EEE caution being urged

Published 5:12 pm Sunday, September 19, 2010

Staff Writer

The Beaufort County Health Department is urging residents to take precautions to prevent mosquito bites after a horse tested positive for Eastern Equine Encephalitis earlier this month and was euthanized.
A rare disease, Eastern Equine Encephalitis is more common in the eastern parts of North Carolina. It is transmitted by some species of mosquitoes. The viral illness causes an inflammation of the brain and can be fatal to both animals and humans.
“If the right mosquito bites a human at the right time, they could get it,” cautioned Eugene McRoy, program specialist for the Beaufort County Health Department’s Environmental Health Division. “EEE tends to be rare, but it does show up, and September seems to be the time it shows up. September tends to be the peak month because it is not too hot and not too cold.”
Flu-like symptoms, which can develop up to two weeks following a mosquito bite, include rapid onset of fever and headache. Since there is no cure for EEE, medical professionals are limited to treating the symptoms of the disease.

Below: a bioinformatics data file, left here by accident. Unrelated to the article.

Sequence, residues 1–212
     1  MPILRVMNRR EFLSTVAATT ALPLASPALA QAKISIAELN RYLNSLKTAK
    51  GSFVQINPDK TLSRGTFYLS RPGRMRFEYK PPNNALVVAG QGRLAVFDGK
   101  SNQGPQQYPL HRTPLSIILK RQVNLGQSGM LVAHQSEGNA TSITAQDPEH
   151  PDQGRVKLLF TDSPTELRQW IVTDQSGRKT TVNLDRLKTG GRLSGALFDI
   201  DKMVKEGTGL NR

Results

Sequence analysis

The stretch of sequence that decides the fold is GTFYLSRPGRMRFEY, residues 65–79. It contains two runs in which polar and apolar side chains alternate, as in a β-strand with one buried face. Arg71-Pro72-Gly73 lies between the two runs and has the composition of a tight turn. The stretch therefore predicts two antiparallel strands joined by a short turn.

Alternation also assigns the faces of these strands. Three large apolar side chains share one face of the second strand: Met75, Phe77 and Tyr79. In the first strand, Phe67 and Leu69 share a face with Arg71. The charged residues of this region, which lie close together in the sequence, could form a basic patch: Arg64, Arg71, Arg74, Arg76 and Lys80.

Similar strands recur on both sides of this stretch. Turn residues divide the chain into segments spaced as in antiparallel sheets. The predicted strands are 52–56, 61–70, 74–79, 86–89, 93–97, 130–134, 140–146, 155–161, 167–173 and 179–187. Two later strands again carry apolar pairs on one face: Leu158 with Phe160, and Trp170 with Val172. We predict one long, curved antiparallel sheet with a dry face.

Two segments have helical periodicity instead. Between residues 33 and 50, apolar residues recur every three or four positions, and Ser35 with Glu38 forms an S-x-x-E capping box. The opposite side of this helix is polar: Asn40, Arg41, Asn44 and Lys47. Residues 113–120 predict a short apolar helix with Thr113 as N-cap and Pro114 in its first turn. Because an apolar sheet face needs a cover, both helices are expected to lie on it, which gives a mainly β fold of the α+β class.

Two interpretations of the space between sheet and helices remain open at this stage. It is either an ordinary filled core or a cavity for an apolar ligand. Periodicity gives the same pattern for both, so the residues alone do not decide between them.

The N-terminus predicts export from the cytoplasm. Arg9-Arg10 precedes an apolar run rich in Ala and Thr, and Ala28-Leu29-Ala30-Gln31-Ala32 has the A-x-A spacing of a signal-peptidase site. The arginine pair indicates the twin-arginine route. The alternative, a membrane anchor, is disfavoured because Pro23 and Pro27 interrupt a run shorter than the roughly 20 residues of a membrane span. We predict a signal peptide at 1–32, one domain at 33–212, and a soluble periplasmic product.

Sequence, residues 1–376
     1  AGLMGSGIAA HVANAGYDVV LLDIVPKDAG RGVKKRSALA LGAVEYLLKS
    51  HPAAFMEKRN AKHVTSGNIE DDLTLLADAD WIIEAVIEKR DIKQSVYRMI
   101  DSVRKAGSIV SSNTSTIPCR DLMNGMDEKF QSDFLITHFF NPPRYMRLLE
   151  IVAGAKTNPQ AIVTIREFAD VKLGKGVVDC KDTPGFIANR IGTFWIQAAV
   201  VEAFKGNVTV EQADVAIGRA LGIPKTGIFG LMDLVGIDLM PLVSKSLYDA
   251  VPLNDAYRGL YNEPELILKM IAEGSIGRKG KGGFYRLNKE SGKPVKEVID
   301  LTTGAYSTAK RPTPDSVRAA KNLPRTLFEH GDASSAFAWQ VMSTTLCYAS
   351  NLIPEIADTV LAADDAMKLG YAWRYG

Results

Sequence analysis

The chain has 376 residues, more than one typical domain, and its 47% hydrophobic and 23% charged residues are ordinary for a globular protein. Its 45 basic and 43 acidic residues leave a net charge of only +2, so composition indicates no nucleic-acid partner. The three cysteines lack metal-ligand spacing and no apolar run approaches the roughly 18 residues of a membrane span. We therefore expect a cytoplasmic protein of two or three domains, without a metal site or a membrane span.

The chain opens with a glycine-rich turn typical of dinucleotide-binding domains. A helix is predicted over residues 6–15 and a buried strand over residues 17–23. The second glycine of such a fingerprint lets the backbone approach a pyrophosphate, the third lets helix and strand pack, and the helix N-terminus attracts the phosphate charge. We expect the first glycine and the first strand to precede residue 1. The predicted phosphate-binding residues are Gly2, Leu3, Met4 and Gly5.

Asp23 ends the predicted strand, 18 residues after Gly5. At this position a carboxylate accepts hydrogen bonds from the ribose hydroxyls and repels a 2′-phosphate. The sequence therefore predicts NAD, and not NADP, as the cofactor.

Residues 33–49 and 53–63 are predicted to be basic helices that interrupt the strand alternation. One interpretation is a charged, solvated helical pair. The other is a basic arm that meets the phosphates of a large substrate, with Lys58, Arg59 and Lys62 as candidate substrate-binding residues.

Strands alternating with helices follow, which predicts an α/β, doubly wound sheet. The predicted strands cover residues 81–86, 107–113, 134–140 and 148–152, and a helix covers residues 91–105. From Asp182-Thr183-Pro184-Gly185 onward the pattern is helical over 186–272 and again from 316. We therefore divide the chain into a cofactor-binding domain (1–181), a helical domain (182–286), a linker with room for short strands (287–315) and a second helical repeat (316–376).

North Carolina averages about one human case and 10 equine cases of EEE each year. Young children and the elderly face the highest risk, and roughly 50 percent of human cases are fatal.
“As far as horses getting it, there is no real concern because there is a vaccine for horses,” McRoy said. “Most (owners) get them vaccinated in the spring, and it is relatively inexpensive. There isn’t a vaccine for humans, and there are one or two cases a year for humans.”
The health department is cautioning people to avoid mosquito bites by reducing the time spent outdoors, especially in the early morning and early evening hours. Light-colored pants, long-sleeve shirts and mosquito repellent also are helpful in warding off mosquitoes.
“Our main point was to let people know there was an occurrence and get them to take precautions,” McRoy said.
Residents also are encouraged to reduce mosquito breeding areas around their homes by removing any containers that can hold water, clearing debris from gutters, repairing leaky outdoor faucets, changing water in bird baths and pet bowls twice a week and using tight-fitting screened windows and doors.